Families spending time together

Families spending time together

Media release — 1 May 2007

In celebration of National Families Week 2007, the Australian Institute of Family Studies has produced a Facts Sheet about how families spend their time.

Families Week will focus on encouraging everyone to take time to celebrate the vital role of families and to do things that will improve the all-round physical and emotional wellbeing of their family unit. It has a slogan - 'FITT Families - Families Investing in Time Together'.

"Social, economic and technological change has altered the way in which families spend time together;" said Dr Matthew Gray. "Important changes include increases in maternal employment, part-time employment and the number of people living alone. There have also been higher levels of geographic mobility, lower fertility rates and the development of affordable communication technology".

How families spend time depends on their stage in the lifecycle as well as their participation in the paid workforce.

Non-employed mothers spend nearly 9 hours with their infant on weekdays. Mothers working short part-time hours spend around half an hour less than this with their infant. The time mothers spend with their infant decreases as the number of hours worked increases. Mother with an infant and working fulltime spend around three hours a day less with the infant than do non-working mothers.

While children spend less time with their mother as she spends longer at work, this doesn't mean that children of working mothers have fewer opportunities to share activities with their family. Four- to five-year-olds with an employed mother are as likely to have their mother read to them as children with mothers not in the paid workforce.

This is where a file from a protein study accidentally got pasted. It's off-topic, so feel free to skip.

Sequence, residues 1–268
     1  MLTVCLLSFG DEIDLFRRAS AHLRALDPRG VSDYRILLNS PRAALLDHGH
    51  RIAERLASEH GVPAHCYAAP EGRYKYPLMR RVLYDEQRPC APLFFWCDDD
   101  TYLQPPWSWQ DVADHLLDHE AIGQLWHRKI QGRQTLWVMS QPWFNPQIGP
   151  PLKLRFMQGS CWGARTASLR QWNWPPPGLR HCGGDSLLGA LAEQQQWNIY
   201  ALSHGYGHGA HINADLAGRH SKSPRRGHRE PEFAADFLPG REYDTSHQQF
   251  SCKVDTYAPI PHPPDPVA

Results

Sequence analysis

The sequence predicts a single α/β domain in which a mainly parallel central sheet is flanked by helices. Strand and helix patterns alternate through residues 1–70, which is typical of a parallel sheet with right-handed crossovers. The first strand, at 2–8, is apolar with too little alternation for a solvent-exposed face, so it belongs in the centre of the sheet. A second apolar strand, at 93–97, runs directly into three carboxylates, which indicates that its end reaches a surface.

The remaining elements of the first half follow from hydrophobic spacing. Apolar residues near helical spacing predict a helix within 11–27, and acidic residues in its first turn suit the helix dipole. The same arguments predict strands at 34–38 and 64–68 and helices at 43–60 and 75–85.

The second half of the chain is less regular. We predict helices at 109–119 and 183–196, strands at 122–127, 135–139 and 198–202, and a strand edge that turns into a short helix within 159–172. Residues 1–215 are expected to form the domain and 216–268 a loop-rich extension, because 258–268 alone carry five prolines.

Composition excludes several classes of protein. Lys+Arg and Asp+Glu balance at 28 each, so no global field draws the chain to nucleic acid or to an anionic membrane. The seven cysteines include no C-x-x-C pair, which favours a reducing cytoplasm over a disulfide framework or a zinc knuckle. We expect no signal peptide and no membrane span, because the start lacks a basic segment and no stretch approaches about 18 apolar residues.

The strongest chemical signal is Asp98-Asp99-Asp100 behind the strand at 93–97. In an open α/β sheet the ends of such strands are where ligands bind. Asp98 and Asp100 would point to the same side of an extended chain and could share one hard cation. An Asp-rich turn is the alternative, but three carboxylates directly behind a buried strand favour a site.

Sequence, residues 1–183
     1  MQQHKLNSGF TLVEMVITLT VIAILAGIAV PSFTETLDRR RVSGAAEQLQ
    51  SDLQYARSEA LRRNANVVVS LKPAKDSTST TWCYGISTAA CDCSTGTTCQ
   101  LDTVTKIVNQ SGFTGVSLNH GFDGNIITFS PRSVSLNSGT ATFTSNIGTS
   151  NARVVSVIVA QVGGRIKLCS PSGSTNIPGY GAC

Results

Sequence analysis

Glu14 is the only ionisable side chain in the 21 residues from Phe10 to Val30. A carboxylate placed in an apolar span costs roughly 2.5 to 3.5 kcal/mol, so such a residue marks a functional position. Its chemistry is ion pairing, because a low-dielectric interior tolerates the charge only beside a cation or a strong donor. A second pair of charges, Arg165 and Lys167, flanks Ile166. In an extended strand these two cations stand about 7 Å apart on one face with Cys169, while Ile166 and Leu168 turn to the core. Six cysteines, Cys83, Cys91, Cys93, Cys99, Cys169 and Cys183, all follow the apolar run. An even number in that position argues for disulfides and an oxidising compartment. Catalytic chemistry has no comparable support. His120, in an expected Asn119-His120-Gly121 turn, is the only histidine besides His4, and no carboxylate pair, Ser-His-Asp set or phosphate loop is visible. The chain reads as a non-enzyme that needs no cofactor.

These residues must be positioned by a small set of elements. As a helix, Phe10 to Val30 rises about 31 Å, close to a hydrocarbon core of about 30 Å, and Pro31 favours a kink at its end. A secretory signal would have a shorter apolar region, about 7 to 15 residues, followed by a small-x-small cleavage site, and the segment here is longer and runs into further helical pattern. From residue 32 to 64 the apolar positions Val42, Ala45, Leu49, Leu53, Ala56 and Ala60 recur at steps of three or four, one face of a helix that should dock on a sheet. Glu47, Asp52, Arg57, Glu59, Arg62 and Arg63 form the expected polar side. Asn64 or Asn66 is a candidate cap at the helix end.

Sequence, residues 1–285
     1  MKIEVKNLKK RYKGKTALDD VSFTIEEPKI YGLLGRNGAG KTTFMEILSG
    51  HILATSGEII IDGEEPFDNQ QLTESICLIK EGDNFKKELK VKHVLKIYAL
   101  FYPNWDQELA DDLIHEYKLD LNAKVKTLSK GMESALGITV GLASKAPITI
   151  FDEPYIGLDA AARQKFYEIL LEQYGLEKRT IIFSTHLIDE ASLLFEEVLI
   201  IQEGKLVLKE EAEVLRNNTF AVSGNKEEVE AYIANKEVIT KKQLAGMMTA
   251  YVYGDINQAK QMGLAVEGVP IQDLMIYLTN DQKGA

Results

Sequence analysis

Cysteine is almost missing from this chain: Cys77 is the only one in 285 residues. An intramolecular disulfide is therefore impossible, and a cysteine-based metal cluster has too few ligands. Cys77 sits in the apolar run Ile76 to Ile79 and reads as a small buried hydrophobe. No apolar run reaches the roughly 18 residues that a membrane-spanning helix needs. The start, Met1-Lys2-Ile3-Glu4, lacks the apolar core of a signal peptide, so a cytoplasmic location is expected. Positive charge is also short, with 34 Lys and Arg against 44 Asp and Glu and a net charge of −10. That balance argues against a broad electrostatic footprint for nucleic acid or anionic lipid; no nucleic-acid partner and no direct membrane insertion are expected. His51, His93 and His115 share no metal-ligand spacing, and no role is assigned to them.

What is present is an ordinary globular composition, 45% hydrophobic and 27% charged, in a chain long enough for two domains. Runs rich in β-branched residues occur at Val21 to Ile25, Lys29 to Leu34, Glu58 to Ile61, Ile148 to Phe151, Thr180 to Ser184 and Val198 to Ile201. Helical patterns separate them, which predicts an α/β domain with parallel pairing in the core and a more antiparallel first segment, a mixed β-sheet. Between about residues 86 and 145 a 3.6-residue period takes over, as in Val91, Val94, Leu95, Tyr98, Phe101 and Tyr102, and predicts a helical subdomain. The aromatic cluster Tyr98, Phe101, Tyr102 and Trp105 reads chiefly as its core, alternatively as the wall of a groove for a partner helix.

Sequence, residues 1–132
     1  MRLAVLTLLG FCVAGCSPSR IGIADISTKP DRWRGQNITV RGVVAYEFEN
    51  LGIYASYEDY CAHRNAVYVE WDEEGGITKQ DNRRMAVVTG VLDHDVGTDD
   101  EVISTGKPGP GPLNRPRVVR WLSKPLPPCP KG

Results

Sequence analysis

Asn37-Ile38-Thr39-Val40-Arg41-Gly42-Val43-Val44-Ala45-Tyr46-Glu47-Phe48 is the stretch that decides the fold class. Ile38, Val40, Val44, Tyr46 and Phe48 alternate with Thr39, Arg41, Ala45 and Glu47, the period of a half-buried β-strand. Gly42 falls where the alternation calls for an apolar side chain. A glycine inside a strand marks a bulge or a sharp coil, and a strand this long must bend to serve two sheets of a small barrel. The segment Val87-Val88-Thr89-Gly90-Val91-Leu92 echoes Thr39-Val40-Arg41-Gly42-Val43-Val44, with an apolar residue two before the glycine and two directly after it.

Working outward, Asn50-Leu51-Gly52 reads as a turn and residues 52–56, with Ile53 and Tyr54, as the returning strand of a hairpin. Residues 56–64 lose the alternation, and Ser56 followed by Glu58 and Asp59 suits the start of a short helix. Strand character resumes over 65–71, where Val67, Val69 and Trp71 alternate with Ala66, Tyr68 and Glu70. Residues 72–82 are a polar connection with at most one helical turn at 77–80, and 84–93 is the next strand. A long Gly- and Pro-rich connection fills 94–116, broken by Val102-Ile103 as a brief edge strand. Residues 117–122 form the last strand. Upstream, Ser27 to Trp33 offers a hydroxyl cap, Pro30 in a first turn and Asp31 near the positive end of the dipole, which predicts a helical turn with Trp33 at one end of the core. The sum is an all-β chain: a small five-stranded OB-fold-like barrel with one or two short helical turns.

Families with young children often have contact with their extended family. Twenty-eight per cent of mothers of 4-5-year-olds are in touch with their own parents every day and 52% at least once a week. Eleven per cent of mothers who had siblings are in contact with them every day and 43% at least once a week. Mothers are less likely to be in touch with their in-laws - 8% every day and 40% at least every week.

Men and women with a dependent child in the family are more likely to experience time pressure (41% of men and 51% of women) than those without a dependent child (28% of men and 33% of women). Parents with children under 5 years' of age are the most likely to feel time pressure (48% of fathers and 58% of mothers).

While people express concern that families are spending less time together than in the past, the picture is more complex. Although many parents experience the pressure of time, families are spending a lot of time together and most have contact with extended family. Most children do a wide range of activities with their families. The challenge for society is to ensure that families continue to spend time together as the patterns of labour force participation change.

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